Tuesday, 1 August 2017

Why You Should Never Use A Cover Letter Template


You're applying for a job, you've written a solid CV,  so now it's time to write your cover letter. When applying to several roles it's tempting to use a standard cover letter for a type of role, where you change the company name/job title each time. This is an absolutely terrible idea - employers know when a template has been used, they lack job specific details and are almost always disregarded.

In order to be successful you need to write separate cover letters for each job, boasting your strengths for a specific role, and why their company appeals to you! not just a job. Make sure that you have plannedprepared and have researched a job role and its employer before you start to write anything.

Below is our five step guide on to how to write a noteworthy cover letter, and why templates weaken an application:

1. Write your address and contact information in the top right hand corner!

This is standard, it shows your competent enough to know that if they want to contact you they need your information. While this should also be on your CV anyway don't overlook putting it on your cover letter.

2. Make Sure it is Clear what Role you are Applying for!

Templates using generic phrases like 'I am applying for the role at your company' are red flags. Use the specific job title, and then go on to list why you want the role, and why you are a viable candidate for it. Templates don't allow you to individually discuss a roles nuances and specifics - show an employer you understand the role and are genuinely passionate about it.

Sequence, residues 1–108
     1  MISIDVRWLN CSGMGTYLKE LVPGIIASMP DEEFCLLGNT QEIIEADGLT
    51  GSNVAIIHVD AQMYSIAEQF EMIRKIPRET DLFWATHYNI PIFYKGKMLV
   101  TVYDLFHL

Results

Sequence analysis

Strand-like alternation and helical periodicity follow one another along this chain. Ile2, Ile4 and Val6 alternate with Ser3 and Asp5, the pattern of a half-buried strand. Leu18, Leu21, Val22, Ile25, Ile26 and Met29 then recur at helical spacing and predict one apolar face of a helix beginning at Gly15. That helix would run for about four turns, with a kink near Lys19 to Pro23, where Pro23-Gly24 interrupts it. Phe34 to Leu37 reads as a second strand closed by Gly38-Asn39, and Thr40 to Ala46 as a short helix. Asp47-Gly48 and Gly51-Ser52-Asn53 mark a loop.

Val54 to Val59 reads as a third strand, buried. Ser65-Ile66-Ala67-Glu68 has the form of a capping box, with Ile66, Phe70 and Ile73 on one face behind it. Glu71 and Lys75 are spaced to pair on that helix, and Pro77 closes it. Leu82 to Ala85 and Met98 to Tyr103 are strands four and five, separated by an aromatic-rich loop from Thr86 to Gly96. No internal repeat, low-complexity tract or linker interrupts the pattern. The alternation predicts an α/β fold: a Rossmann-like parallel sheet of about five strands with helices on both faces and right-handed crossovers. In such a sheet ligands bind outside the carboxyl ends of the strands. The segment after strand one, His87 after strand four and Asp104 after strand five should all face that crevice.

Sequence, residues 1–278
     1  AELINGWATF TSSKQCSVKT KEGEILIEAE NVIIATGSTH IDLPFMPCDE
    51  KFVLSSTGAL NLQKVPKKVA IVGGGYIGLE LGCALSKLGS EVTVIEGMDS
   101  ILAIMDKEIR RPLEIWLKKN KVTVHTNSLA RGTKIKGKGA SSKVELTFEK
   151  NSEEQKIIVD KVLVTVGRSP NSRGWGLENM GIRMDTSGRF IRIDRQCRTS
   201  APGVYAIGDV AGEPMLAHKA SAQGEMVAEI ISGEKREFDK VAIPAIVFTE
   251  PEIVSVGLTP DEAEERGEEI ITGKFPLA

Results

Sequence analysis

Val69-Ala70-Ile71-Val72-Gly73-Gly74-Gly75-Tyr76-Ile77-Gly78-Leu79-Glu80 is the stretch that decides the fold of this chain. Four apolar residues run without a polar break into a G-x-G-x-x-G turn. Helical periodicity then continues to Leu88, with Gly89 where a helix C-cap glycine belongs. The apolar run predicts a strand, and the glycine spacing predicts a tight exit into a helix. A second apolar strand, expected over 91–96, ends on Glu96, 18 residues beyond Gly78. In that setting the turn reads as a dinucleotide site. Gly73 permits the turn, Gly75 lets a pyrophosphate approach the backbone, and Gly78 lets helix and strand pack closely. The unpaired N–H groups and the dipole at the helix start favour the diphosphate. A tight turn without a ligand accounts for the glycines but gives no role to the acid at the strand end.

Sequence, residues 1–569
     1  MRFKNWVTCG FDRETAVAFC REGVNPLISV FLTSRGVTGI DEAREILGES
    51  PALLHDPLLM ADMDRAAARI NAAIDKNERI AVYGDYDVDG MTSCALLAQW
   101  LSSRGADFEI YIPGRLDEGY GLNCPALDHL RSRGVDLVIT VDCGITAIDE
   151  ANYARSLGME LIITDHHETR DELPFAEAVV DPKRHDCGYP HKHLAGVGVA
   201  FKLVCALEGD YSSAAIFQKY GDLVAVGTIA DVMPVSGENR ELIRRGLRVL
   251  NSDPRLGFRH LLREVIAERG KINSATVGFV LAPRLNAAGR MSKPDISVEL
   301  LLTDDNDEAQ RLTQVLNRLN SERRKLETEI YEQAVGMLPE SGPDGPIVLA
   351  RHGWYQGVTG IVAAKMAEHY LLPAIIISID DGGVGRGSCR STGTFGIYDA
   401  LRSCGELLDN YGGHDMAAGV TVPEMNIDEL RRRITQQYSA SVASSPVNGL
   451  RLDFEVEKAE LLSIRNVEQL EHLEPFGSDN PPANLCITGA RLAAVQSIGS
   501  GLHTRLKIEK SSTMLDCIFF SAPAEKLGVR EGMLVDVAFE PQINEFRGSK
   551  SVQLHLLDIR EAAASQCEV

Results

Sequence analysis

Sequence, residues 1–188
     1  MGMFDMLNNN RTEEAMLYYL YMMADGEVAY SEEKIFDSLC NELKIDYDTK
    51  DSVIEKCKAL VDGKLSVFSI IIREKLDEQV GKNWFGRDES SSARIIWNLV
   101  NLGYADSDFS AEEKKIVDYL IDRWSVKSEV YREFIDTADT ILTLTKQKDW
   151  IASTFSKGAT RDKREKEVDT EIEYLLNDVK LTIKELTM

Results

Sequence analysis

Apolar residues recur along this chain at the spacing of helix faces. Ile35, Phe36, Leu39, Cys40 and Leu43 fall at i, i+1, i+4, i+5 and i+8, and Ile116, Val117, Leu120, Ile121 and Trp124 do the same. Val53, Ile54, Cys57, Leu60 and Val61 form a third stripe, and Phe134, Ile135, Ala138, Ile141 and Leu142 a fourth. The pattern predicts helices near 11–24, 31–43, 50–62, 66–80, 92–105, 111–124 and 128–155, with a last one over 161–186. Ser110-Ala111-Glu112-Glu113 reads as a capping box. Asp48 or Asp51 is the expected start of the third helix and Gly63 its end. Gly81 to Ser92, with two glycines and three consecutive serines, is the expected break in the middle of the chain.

3. Remember to Tailor it to the Company

Using a copy and paste template and swapping out company names doesn't work. An employer will take pride in the heritage and history of their business, use this to your advantage. Discuss the business itself, their overt operations and campaigns and show you are an expert on their industry.

4. Keep it Short and Sweet!

A cover letter is supposed to be short and punchy - do not waffle! Fluff talk suggests you are inexperienced or a poor communicator. Clarity is key, using a template means content is vague and generic - portraying yourself as less of an authority, and more as someone with a pale set of skills.


5. Finish Strong

Always express your interest in meeting the employer, include your availability and say how you are looking forward to hearing from them. The final part of your cover letter is your best chance to leave a lasting impression - be creative, and don't use copy and paste content.

So there you have it, some useful tips on writing a cover letter - it's always worth taking the extra time to tailor a cover letter to each unique role. We work with employers everyday, we see cover letters rejected on a daily basis because they are inherently generic - avoid this pitfall!

For more information please visit our guide on cover letters.

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